“California Court Destroys Files in Historic Police Corruption Case” [The Appeal]. “n 2015, the Superior Court in Alameda County, California, quietly destroyed the criminal case files for three former Oakland police officers, known as “the Riders,” who stood trial for beating, falsely arresting, and framing dozens of African American men in the late 1990s and early 2000s, The Appeal has learned. The files—which consisted of thousands of pages of hearing transcripts, motions, and evidence—were the best public record of the longest criminal trial in Alameda County history. The destruction of the Riders files is also an erasure of an extraordinary case of corruption that ended with the Oakland Police Department placed under a federal judge’s oversight.”
“Jeff Bezos Dreams of a 1970s Future” [CityLab]. “The “O’Neill colonies” that he designed in response to this question, first with his students, and later with teams of architects, planners, engineers, and artists, were huge cylinders, spheres, and toruses with new surfaces for new kinds of civilizations inside. O’Neill’s book about this work, The High Frontier, was read by millions and has remained in print almost continuously….. Jeff Bezos was one of Gerard O’Neill’s students at Princeton in the mid-1980s…. Bezos’s proposal is a version of O’Neill’s project that somehow manages to look and feel less futuristic than its predecessor… Is it even possible to build new worlds from scratch, and if so, who would they be built for? Bezos is as much a real-estate developer as he is a tech leader. He mentions that Earth, in his scenario, would be “zoned light industrial and commercial,” but what, specifically, would happen to the old world?”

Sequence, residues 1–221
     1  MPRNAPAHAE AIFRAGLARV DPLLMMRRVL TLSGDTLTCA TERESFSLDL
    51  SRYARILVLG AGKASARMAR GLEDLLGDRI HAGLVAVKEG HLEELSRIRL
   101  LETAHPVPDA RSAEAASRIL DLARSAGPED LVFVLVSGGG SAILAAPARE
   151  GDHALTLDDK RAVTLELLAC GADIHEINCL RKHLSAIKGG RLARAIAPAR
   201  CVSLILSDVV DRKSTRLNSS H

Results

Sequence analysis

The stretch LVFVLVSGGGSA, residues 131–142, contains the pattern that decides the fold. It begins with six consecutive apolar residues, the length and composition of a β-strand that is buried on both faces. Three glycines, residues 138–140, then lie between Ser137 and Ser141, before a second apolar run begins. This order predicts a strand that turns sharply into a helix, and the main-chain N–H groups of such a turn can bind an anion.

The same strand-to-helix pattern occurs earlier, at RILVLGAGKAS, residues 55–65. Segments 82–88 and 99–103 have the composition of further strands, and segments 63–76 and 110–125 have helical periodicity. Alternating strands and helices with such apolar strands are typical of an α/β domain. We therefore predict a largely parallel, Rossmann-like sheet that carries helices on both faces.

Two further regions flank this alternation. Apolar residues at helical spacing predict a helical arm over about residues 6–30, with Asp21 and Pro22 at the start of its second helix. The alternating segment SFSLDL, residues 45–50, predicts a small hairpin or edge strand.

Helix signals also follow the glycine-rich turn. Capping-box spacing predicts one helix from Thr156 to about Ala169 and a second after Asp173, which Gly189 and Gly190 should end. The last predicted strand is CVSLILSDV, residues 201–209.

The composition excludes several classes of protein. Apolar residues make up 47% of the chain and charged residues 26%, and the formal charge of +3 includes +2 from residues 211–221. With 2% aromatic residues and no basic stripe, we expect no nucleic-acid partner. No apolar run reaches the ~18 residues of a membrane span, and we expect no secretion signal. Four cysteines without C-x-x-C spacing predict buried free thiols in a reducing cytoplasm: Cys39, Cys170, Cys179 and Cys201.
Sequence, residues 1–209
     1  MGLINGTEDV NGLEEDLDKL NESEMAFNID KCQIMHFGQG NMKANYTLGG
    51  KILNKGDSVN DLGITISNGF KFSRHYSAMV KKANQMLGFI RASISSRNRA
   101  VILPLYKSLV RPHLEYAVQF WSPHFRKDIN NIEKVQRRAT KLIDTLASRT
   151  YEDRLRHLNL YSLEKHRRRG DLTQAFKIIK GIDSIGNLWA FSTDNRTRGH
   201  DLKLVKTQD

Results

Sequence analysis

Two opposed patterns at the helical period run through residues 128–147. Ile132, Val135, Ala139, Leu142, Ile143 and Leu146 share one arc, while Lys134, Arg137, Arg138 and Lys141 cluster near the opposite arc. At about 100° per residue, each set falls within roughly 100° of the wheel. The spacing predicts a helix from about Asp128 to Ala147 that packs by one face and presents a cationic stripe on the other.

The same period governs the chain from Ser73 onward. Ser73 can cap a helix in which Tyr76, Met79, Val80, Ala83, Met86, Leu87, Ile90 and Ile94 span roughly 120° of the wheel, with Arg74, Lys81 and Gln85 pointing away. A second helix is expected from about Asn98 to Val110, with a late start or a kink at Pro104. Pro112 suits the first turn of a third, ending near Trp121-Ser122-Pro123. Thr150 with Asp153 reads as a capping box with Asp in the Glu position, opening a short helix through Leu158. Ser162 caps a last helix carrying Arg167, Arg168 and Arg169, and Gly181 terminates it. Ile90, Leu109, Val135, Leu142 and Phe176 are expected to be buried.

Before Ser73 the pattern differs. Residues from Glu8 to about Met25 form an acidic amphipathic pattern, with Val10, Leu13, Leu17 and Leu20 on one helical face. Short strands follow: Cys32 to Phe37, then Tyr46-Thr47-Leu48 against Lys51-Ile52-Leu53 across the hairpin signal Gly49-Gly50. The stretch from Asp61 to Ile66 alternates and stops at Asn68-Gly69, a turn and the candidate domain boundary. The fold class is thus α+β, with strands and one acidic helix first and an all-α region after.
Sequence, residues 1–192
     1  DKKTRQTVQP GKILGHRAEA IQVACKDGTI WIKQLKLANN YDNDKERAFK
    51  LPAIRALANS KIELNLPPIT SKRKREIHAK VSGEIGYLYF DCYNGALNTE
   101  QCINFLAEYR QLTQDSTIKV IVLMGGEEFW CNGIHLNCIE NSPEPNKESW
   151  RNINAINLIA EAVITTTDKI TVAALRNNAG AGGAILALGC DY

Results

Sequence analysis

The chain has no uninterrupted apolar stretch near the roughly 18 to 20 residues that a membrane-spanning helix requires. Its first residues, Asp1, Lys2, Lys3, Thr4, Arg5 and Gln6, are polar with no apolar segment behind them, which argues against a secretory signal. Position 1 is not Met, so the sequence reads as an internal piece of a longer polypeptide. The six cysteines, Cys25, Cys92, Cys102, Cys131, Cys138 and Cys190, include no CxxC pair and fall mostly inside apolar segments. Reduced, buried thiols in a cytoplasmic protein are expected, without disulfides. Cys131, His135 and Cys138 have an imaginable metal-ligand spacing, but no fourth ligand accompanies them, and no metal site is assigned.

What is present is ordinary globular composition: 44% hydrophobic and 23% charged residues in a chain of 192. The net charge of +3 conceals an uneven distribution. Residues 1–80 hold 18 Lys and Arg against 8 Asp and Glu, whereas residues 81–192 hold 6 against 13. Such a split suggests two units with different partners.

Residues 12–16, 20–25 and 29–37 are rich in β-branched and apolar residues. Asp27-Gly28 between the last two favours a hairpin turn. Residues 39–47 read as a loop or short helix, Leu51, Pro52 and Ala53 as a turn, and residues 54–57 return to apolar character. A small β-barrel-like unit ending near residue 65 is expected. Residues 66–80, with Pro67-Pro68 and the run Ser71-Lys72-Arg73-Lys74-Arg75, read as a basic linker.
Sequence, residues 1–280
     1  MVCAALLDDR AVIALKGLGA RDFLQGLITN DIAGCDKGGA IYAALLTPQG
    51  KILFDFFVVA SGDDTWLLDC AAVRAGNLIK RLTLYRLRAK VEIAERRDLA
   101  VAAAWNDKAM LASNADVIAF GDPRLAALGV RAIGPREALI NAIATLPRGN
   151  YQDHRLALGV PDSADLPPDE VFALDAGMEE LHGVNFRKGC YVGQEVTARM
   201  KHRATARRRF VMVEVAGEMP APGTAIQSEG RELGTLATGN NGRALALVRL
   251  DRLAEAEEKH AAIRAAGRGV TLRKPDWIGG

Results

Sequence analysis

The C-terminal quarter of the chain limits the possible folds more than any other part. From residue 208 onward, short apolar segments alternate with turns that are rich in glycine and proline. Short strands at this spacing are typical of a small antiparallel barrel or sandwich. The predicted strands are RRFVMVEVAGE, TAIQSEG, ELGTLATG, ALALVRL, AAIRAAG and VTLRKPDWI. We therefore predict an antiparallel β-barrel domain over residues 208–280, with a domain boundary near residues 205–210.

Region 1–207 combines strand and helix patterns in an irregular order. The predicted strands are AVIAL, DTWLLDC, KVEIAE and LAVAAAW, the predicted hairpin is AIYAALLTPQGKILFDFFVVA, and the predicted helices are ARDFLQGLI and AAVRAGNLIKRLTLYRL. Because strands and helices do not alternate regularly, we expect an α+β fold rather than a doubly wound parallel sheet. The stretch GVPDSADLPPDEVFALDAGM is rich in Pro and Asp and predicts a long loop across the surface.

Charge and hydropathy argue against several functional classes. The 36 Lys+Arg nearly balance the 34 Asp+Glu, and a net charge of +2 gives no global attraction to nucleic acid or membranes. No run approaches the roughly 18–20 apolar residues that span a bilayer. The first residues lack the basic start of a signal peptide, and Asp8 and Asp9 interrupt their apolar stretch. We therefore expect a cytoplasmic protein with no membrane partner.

“As L.A. ports automate, some workers are cheering on the robots” [Los Angeles Times]. “Day after day, Walter Diaz, an immigrant truck driver from El Salvador, steers his 18-wheeler toward the giant ports of Los Angeles and Long Beach. Will it take him half an hour to pick up his cargo? Or will it be as long as seven hours? He never knows. Diaz is paid by the load, so he applauds the arrival of more waterfront robots, which promise to speed turnaround times at a port complex that handles about a third of the nation’s imported goods. ‘I’m for automation,’ Diaz says. ‘One hundred percent. One hundred percent.'” • Diaz has no union. Otherwise, he’d be paid by the hour, too.
News of the Wired